Team overcomes major challenges to upgrade key radar site
A team from the Electronic Systems Center managed a comprehensive upgrade of this Early Warning Radar site in Thule, Greenland. They wrapped up final testing last year, completing all work on schedule and slightly under budget. (Courtesy Photo)
Posted 1/18/2011 Updated 1/18/2011
by Chuck Paone
66th Air Base Group Public Affairs
1/18/2011 - HANSCOM AIR FORCE BASE, Mass. -- With completion of final testing last year, an Electronic Systems Center team wrapped up a comprehensive upgrade of the third of five massive early warning radars that support a layered missile defense capability for the United States, its forward-deployed forces and its friends and allies.
The upgrade of the Thule (pronounced Tool-ee) radar site in northern Greenland occurred on time and slightly below projected costs, despite a number of significant challenges, including the need to maintain radar coverage while the work was being done.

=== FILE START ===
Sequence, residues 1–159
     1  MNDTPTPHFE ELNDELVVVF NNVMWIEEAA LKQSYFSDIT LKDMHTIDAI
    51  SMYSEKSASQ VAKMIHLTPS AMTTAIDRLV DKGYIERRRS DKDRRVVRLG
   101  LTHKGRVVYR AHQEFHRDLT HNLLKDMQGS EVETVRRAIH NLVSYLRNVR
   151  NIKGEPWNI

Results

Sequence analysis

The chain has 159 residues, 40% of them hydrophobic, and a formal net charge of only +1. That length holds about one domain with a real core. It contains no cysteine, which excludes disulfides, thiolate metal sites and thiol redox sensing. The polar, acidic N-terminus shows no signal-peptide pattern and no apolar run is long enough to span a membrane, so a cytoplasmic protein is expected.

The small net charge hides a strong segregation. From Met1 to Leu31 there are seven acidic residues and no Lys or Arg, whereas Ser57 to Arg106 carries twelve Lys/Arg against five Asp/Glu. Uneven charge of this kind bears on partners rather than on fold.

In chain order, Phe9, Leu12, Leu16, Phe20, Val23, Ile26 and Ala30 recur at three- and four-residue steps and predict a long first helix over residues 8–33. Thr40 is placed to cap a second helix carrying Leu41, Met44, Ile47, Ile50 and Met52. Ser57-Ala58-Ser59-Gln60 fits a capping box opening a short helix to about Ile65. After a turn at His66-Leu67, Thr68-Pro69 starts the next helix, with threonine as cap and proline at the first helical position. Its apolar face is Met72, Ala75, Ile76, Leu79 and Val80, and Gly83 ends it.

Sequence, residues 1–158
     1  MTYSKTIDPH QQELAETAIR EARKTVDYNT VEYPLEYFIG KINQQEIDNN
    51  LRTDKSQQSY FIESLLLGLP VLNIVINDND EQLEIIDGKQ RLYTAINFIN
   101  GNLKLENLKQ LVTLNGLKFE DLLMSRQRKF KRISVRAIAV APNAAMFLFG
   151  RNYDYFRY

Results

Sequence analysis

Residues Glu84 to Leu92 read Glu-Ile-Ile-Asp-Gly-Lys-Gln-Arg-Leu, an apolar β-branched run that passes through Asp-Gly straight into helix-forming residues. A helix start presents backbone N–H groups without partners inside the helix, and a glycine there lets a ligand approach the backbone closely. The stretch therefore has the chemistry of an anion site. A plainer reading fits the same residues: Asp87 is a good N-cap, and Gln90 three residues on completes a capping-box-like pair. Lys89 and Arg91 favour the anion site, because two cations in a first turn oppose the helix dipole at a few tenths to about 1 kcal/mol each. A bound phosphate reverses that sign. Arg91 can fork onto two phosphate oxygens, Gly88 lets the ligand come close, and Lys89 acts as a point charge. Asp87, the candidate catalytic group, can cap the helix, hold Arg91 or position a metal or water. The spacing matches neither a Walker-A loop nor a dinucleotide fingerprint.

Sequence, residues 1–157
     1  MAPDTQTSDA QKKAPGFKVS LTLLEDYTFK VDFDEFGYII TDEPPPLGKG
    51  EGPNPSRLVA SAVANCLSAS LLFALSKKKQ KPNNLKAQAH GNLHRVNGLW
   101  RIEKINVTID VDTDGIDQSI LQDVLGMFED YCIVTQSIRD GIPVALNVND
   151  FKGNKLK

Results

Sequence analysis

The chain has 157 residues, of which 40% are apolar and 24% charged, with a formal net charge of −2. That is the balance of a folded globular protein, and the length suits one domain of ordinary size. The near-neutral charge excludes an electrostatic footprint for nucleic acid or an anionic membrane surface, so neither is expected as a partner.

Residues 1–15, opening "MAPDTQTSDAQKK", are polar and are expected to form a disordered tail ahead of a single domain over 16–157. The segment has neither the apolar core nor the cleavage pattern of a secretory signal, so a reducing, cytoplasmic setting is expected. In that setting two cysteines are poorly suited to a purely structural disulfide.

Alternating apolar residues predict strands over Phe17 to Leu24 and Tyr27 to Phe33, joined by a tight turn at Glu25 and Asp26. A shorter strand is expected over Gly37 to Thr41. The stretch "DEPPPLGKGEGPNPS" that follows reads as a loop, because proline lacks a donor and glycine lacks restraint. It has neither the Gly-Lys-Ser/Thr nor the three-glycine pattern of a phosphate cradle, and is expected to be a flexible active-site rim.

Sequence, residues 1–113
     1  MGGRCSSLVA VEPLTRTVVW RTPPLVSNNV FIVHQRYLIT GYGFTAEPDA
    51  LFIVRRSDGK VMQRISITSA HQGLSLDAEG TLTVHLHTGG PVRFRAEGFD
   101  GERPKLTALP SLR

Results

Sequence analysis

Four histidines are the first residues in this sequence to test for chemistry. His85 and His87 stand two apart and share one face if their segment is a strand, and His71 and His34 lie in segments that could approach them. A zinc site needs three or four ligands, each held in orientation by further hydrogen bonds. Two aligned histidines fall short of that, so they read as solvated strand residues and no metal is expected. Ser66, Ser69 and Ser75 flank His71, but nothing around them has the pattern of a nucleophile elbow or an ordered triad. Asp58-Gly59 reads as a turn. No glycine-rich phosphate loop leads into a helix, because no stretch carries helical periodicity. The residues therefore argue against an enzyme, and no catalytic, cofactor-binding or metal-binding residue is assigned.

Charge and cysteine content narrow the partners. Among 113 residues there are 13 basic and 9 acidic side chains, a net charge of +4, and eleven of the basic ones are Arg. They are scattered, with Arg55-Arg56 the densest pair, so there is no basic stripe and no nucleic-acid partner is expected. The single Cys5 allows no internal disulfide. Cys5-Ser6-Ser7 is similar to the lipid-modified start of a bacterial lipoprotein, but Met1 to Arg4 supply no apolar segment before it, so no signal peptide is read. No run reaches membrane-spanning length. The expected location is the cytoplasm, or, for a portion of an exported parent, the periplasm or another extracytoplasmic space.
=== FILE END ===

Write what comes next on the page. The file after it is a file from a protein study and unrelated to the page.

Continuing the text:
"It's like trying to upgrade a plane while it's flying," said Geoff Lum, deputy program manager for Ballistic Missile Defense System Integration, a Missile Defense Agency member stationed here.
The requirement to maintain coverage during all phases of the project, including the actual 31-hour marathon during which the new radar equipment was assembled, necessitated some very deliberate planning, according to Capt. Jason Ludwig, the Thule upgrade program manager.
During that set-up phase, "there wasn't a minute of wasted time," he said. "Everything was very carefully scheduled and choreographed."
Thule's austerity and remoteness brought their own challenges. Access to and from the site was provided only by weekly flights on a 32-passenger plane, and at one point the charter service flying those planes went on strike.
The team also had to factor in the harsh weather - temperatures that reach minus 60 degrees Fahrenheit, winds in excess of 200 miles per hour and a storm season that runs from mid-September to mid-May. Beyond that, Thule spends four months of the year in total darkness, and icing conditions allow only two months of port access per year.